Apart from this, its competition—the so-called “radical left”—has grown in importance. For some years now, the Lutte Ouvrière organisation (LO—Workers' Struggle) and the Communist Revolutionary League (LCR) have consistently achieved election results of around 5 percent. The PCF is still winning 7 to 8 percent. Since 1999, the LO and LCR have had six representatives in the European Parliament and they gained 62 municipal mandates in March this year. Thus, with an average result of 6.2 percent, they attained a peak of 19 percent in some municipalities.

Both the LO and the LCR claim—misleadingly—to be Trotskyist. Both have long since renounced the perspective of the Fourth International, founded by Trotsky and having as its aim the independent mobilisation of the working class and its international unification. The French radical groups defend a programme of reform, as did the Socialist and Communist parties in former times. They are mainly active within the trade unions, where they are instrumental in supporting the bureaucracy.

Nevertheless, the increase in their vote is a sign of the radicalisation of the masses, which is bound to present the Jospin government with enormous difficulties. The Communist Party has responded to its new challengers by posturing more radically themselves. After the local election, it blocked a part of the government's social legislation that it had previously supported in its first reading. Jospin was only able to avoid defeat in this matter and a possible collapse of the coalition by delaying the vote for two weeks.

The issue of European union is also causing the governing coalition great difficulty. It is deeply divided over the matter. Jospin has already lost one of his coalition partners—Jean-Pierre Chevenement's extremely nationalist oriented citizens' movement—because it considered his concessions to the European Union and his statute of autonomy for Corsica went too far. The PCF also have reservations about the EU, while the Greens are vehemently committed to strengthening its powers. Daniel Cohn-Bendit, spokesman for the French Greens in the European Parliament and close friend of German Foreign Minister Joschka Fischer since their radical youth in Frankfurt, is vigorously advocating the German conception of a European federation.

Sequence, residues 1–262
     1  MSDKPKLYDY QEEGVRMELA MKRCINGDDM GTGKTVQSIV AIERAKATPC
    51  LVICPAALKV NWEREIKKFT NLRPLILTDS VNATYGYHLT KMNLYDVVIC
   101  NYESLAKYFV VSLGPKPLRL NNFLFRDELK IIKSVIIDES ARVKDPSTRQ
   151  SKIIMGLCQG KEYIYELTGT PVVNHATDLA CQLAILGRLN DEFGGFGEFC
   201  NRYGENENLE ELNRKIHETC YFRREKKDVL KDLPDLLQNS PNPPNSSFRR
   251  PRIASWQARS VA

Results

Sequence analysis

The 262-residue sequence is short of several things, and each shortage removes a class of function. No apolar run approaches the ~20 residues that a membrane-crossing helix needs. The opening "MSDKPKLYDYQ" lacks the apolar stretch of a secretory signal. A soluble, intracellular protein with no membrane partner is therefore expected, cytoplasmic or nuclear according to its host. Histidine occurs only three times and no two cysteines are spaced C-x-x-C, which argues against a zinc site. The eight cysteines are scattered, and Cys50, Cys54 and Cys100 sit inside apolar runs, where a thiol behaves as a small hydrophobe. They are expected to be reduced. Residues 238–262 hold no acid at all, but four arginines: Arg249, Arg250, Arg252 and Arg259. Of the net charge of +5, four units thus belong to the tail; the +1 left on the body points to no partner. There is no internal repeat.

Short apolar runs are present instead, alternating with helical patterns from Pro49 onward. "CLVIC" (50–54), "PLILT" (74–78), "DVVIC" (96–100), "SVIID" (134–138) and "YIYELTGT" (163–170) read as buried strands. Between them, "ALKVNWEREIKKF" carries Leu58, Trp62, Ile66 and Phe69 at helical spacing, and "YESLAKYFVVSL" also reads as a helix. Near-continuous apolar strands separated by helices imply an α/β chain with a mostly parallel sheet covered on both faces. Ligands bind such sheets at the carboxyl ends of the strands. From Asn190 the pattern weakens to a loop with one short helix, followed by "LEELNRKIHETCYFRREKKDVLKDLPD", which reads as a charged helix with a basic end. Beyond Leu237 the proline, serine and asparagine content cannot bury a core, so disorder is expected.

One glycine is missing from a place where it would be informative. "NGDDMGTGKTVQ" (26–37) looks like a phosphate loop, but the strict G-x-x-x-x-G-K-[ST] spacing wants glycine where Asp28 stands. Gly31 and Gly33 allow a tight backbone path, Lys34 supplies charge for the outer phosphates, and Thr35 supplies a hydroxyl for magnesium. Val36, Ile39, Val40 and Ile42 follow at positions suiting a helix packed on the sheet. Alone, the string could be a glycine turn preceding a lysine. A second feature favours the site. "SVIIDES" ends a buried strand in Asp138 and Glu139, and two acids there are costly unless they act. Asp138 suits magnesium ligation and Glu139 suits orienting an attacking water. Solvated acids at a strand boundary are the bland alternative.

The planned eastward expansion of the EU will dramatically sharpen social tensions within the European Union. In line with budgetary provisions for the period from 2000 to 2006, 80 billion euros ($68bn) are available for the support of the 10 new members to be incorporated into the EU over the next five years. This sum constitutes a good tenth of the whole EU budget.

Direct payments to the agricultural sector, amounting to a third of the EU budget, will remain reserved for the old members. This will amount to a deathblow for the underdeveloped farming sector in Eastern Europe. Germany's Süddeutsche Zeitung newspaper concluded: “As a result of this, the future EU threatens to become a two-class society, which will have common political institutions—but ones whose social and economic foundation will be fragile.”